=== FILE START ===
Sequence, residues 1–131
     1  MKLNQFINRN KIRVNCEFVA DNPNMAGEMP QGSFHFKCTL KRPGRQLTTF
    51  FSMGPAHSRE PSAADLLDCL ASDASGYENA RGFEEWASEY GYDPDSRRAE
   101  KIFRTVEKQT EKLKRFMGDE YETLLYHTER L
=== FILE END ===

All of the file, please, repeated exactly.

Sequence, residues 1–131
     1  MKLNQFINRN KIRVNCEFVA DNPNMAGEMP QGSFHFKCTL KRPGRQLTTF
    51  FSMGPAHSRE PSAADLLDCL ASDASGYENA RGFEEWASEY GYDPDSRRAE
   101  KIFRTVEKQT EKLKRFMGDE YETLLYHTER L